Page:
Now that you are published, do you still experience rejections? If so, how are these rejections different or similar to the ones you received before becoming published?

I’m sorry. I hope it was okay for me to laugh at this question. Of course I still get rejected! I’ve had a YA series that’s been rejected from all but 2 Christian publishers out there. And I’m pretty sure those other 2 sent rejection letters that got lost in the mail. Rejection is just part of the writing process. And while it’s certainly not easy, it is part of growing and learning as a writer. The difference now is that the rejection letters go to my agent, who sends me the gentler versions of them. But they still sting. And I still struggle with taking them too personally. But sometimes, just sometimes, those rejection letters turn into acceptance letters. Both of my publishers rejected my first books with them and then ended up contracting those same stories. What I’ve come to learn from rejection letters is that I can’t always please everyone. But God has promised that if we come to him with a contrite heart, He won’t reject us. I take comfort in that.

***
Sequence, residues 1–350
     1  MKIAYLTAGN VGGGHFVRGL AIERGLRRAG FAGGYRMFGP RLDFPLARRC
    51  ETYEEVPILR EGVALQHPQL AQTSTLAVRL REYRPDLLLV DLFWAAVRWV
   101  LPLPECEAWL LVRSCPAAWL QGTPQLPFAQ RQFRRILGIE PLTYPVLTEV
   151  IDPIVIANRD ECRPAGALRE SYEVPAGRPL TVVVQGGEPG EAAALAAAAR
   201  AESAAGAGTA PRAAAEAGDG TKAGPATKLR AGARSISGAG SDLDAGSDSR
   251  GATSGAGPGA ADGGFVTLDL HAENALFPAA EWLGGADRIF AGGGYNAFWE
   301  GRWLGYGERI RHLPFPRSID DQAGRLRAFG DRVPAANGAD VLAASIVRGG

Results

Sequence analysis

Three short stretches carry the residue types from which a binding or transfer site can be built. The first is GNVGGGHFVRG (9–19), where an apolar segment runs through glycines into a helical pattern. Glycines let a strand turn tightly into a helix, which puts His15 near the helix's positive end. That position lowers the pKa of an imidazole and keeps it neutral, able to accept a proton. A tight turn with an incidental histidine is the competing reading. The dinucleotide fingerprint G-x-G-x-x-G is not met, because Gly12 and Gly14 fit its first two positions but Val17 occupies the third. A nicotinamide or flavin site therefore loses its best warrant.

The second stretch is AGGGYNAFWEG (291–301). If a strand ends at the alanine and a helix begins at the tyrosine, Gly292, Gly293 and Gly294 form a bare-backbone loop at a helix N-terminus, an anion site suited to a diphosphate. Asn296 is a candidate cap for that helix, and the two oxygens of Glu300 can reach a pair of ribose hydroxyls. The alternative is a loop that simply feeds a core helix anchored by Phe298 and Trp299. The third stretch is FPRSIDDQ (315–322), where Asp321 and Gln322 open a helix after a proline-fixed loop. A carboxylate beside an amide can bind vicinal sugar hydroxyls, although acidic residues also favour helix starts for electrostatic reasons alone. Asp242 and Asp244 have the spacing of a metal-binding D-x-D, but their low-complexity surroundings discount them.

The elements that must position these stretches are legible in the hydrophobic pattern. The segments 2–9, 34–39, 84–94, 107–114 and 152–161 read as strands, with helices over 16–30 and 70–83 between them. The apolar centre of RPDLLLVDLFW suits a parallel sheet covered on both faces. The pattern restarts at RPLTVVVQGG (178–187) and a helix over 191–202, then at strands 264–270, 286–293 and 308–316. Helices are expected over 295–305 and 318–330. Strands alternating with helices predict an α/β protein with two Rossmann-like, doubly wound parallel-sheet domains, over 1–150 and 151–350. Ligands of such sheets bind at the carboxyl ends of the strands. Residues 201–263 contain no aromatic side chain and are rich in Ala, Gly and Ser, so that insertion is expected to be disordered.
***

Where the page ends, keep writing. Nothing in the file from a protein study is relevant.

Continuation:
Tell us a little about your latest release:

Code of Justice is my third book from Love Inspired Suspense and tells the story of FBI agent Heather Sloan, who is the only survivor of a deadly helicopter crash that takes the life of her sister Kit. As Heather begins to recover from her injuries, she realizes that the crash may not have been an accident and she has to investigate Kit’s last words, “Follow the drugs.” Sheriff’s deputy Jeremy Latham is assigned the case—he’s the only one who can help Heather find the person responsible. But as they begin to trust and care for each other, they may lose it all when the killer targets Heather.